It should surprise no one that the U.S. Forest Service, a federal agency ultimately under the direction of Donald Trump, would seek to starve a peaceful protester into submission. The serenity and beauty of the Jefferson National Forest should not fool anyone. This is a dangerous standoff, one which potentially could end badly for Nutty – especially if Forest Service officers or MVP personnel continue to shake the lines holding up her monopod, something I personally witnessed during my first trip.
But what is surprising to many – and frankly sickening – is that while Nutty goes without food and water, other than the starvation rations she might have remaining and the rainwater she is able to collect, Ralph Northam, a licensed physician as well as our state’s governor, has said nothing and has done nothing to help her.
Northam might claim the Forest Service has primary jurisdiction. That may be true. What also is true is that the Virginia State Police has been on site and in fact participated in the arrest of the three supporters who tried to get food to Nutty. Northam has the power to direct the state police to feed Nutty. He could do that today. Would the Forest Service actually stop the State Police from feeding Nutty? Perhaps. But why not try? We feed prisoners on death row. We feed prisoners in Guantanamo. Nutty has not even been charged with a crime, much less convicted. Should the Commonwealth of Virginia sit by and do nothing while she is starved?
This is the Governor who famously called Donald Trump a “narcissistic maniac.” Tough words. But when it comes to trying to get food and water to a young woman, tough guy Northam is nowhere to be found.
This is the Governor who famously said he would stand up for women. Yet this young woman, Nutty, is still being starved. And when Red and Minor Terry were being starved for one week during their tree sit, Northam likewise did nothing. It took other elected officials to intervene with the Roanoke Police Department to get them meager rations – bologna sandwiches made in a nearby jail. The support camp for Nutty is made up of women and, in my travels around the state, it has been striking that the movement fighting the pipelines overwhelmingly is being led by women. Courageous women. Women who have been abandoned by their governor. Women who will persist.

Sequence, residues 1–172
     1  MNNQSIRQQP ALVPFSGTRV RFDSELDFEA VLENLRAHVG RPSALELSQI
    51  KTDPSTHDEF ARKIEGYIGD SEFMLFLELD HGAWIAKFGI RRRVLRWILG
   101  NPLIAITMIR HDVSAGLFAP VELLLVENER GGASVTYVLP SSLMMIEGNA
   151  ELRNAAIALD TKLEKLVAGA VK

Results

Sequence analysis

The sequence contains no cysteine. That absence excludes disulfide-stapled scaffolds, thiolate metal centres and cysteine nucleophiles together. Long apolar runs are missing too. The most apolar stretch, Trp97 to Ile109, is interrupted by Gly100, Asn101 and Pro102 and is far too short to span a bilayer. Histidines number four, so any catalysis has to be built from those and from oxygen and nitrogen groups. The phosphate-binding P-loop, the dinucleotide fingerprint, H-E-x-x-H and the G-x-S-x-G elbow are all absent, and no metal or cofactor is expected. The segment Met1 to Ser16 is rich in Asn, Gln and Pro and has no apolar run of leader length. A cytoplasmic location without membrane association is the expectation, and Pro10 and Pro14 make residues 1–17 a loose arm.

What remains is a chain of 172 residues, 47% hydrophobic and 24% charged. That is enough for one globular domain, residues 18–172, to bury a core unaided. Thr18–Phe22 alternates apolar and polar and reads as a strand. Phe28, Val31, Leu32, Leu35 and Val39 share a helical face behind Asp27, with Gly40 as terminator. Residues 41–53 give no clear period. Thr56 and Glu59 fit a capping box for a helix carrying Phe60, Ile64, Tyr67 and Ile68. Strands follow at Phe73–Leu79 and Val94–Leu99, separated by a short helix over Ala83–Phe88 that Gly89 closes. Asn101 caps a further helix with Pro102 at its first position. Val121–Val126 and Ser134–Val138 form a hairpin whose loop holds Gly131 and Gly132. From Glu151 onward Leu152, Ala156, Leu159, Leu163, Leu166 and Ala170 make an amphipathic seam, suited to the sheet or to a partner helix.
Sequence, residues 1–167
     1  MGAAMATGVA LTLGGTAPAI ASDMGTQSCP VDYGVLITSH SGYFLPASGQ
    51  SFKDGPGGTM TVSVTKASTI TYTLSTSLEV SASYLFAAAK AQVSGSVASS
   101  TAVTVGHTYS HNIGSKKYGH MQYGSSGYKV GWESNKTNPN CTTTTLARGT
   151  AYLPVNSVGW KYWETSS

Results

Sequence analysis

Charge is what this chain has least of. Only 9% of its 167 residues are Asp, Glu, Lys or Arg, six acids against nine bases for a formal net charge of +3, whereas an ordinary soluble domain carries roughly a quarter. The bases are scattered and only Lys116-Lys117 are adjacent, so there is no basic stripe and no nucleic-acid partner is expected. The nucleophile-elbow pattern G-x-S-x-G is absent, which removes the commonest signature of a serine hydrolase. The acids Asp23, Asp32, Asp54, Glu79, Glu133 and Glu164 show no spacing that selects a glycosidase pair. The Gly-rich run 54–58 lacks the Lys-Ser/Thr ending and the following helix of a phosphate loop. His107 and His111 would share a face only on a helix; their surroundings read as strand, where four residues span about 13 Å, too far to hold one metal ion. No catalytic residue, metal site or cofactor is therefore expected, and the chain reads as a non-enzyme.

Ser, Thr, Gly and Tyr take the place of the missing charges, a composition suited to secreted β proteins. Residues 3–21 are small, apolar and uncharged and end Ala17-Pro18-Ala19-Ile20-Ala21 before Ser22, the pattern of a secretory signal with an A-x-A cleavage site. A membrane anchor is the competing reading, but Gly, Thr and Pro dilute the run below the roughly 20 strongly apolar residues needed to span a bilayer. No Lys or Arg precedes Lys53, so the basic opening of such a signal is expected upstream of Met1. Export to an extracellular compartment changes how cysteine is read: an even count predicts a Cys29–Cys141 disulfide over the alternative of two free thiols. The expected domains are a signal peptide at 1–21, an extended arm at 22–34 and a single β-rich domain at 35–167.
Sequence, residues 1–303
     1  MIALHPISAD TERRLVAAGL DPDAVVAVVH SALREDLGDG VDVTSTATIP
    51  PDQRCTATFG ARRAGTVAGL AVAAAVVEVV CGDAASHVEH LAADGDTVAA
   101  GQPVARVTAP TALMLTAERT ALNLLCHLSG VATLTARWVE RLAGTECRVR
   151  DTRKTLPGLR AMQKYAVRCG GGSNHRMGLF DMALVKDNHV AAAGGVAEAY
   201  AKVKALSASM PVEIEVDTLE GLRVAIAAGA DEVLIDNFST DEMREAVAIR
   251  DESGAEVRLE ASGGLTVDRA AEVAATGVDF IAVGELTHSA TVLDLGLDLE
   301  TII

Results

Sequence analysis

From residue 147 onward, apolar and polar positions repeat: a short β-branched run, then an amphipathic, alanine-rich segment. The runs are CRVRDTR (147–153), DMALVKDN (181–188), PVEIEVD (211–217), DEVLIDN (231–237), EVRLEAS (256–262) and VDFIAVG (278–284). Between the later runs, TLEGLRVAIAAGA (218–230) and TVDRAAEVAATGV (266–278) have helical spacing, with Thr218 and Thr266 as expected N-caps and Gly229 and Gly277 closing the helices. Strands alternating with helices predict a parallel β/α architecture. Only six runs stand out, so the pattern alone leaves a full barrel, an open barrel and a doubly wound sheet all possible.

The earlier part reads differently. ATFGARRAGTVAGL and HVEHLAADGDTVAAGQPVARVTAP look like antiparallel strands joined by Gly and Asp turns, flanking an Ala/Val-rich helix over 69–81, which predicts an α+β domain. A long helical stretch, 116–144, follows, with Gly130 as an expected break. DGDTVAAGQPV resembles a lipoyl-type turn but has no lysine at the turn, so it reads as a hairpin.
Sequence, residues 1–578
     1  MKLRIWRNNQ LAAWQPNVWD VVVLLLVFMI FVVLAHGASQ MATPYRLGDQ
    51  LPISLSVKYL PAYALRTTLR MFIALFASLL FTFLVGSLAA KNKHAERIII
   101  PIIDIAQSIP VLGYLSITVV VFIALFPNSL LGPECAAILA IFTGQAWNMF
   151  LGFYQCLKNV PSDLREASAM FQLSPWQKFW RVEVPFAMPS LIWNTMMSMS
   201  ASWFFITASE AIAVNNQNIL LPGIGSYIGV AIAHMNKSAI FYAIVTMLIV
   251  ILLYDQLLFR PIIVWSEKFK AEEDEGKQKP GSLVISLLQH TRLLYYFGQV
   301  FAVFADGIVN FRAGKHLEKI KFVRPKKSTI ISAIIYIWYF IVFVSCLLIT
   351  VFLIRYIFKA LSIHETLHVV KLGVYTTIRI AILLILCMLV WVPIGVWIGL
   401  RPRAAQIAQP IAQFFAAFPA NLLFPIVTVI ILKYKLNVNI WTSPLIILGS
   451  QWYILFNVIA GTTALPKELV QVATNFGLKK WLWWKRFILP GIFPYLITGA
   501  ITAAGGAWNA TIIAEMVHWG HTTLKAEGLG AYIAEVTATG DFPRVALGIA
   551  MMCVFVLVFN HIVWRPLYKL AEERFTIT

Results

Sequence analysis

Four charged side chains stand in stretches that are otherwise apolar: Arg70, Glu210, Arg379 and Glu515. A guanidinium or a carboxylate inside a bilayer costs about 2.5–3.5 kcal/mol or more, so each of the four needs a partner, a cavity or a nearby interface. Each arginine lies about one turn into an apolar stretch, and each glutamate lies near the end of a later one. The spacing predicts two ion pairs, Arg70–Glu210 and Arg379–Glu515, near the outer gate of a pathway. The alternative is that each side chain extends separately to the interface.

This is the governor who bragged about his medical background and told voters “the lights are on and the doctor is in.” But when it comes to the women who are putting themselves on the line to defend their land – and our water – the lights are off and the doctor is out to lunch.
When Red and Minor were being denied food, Northam apparently believed it was a “local” issue.
When Northam was asked to direct his Department of Environmental Quality to do a stream-by-stream analysis of the 1,100 waterway crossings planned for the Mountain Valley Pipeline and the much larger Atlantic Coast Pipeline, he said it was a “federal” issue.
When Northam was asked again last week to get involved in the pipeline fight, he said it was an issue for the courts.
In short, Ralph Northam seems to believe it’s never his issue and never his responsibility. To the contrary, Northam seems to want to wash his hands of this whole pipeline fight.
Well, Gov. Northam, it may be easy to wash your hands, but it’s going to be much harder for you to stop a movement.